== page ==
Kenneth L. Mueller, PhD

Kenneth L. Mueller, PhD
McNeill Baur PLLC
125 Cambridge Park Drive, Suite 301
Cambridge, MA 02140

Uniquely positioning clients to achieve their biotech and pharmaceutical IP strategy goals

Kenneth L. Mueller, PhD joins the firm with over 10-years of experience as a registered patent attorney litigating pharmaceutical patents for both generic and branded companies. Ken brings a deep understanding of trial tactics and procedure to his counseling practice that includes due diligence investigations, freedom-to-operate opinions, and pre-litigation strategy.

Ken has represented clients in a variety of complex technologies, including treatments for Parkinson’s Disease, multiple sclerosis, ADHD, hyponatremia, breast cancer, prostate cancer, and cleansing of the colon in preparation for colonoscopy, as well as devices for drug testing and software initiatives for business planning.

Ken has litigated in numerous district courts in declaratory judgment actions and Hatch-Waxman proceedings, as well as in front of the USPTO in IPR actions. His experience spans all stages of litigation, from developing an initial theory of the case to fact and expert discovery, summary judgement motions, and trial.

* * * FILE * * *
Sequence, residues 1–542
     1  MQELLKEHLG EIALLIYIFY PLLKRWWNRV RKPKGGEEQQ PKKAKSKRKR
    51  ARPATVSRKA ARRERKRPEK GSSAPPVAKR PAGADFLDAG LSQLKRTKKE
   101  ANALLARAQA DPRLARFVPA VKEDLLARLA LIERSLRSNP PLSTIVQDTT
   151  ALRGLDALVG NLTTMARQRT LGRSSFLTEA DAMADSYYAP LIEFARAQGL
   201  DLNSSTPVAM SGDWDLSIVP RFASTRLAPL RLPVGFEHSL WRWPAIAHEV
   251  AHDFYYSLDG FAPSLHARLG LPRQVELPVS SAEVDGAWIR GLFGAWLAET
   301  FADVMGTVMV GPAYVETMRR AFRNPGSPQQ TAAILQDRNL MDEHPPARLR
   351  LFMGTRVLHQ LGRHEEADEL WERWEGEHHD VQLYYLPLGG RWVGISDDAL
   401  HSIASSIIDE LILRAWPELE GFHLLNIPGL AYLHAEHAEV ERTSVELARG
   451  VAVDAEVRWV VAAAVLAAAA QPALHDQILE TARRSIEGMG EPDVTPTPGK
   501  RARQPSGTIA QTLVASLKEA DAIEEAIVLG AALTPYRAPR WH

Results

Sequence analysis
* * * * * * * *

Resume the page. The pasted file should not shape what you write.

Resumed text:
Ken has extensive biological and neuroscientific experience. This has allowed him to engage effectively in a variety of highly technical issues including, for example, the statistical interpretation of clinical trial results before an FDA Advisory board or, for another example, the amount of contamination at a particular stage of peptide synthesis in Markman proceedings.

Prior to joining McNeill Baur PLLC, Ken practiced in the IP litigation group at Womble Bond Dickinson (US) LLP and Goodwin Procter LLP.

Select Publications

Braintree v. Breckenridge and the potential danger of stipulation to a claim construction from an earlier case,” Journal of Generic Medicines: The Business Journal for the Generic Medicines Sector 14:40-44 (2017) (coauthor).

Website Incorporation into Contracts Requires Actual Notice Under the CISG,” Suffolk Transnational Law Review 37(2):489-501 (2014).

The receptors and coding logic for bitter taste,” Nature 434(7030): 225-9 (2005) (coauthor).

Coding of sweet, bitter, and umami tastes: different receptor cells sharing similar signaling pathways,” Cell 112(3):293-301 (2003) (coauthor).

A novel family of mammalian taste receptors,” Cell 100(6):693-702 (2000) (coauthor).

T2Rs function as bitter taste receptors,” Cell 100(6):703-11 (2000) (coauthor).

The vibrator mutation causes neurodegeneration via reduced expression of PITPa: positional complementation cloning and extragenic suppression,” Neuron 18(5):711-22 (1997) (coauthor).

Disruption of the nuclear hormone receptor RORa in staggerer mice,” Nature 379(6567):736-9 (1996) (coauthor).

A mutational study of the C-terminal zinc-finger motif of the Escherichia coli UvrA protein,” The Journal of Biological Chemistry 269(14):10771-5 (1994) (coauthor).





US Court of Appeals, Federal Circuit

US Patent and Trademark Office 



Suffolk University Law School,

JD, 2014


University of California, San Diego,

PhD, Biology, 2004


The Johns Hopkins University,

School of Hygiene and Public Health

Ms. Biochemistry


Haverford College,

BA, Biology, 1990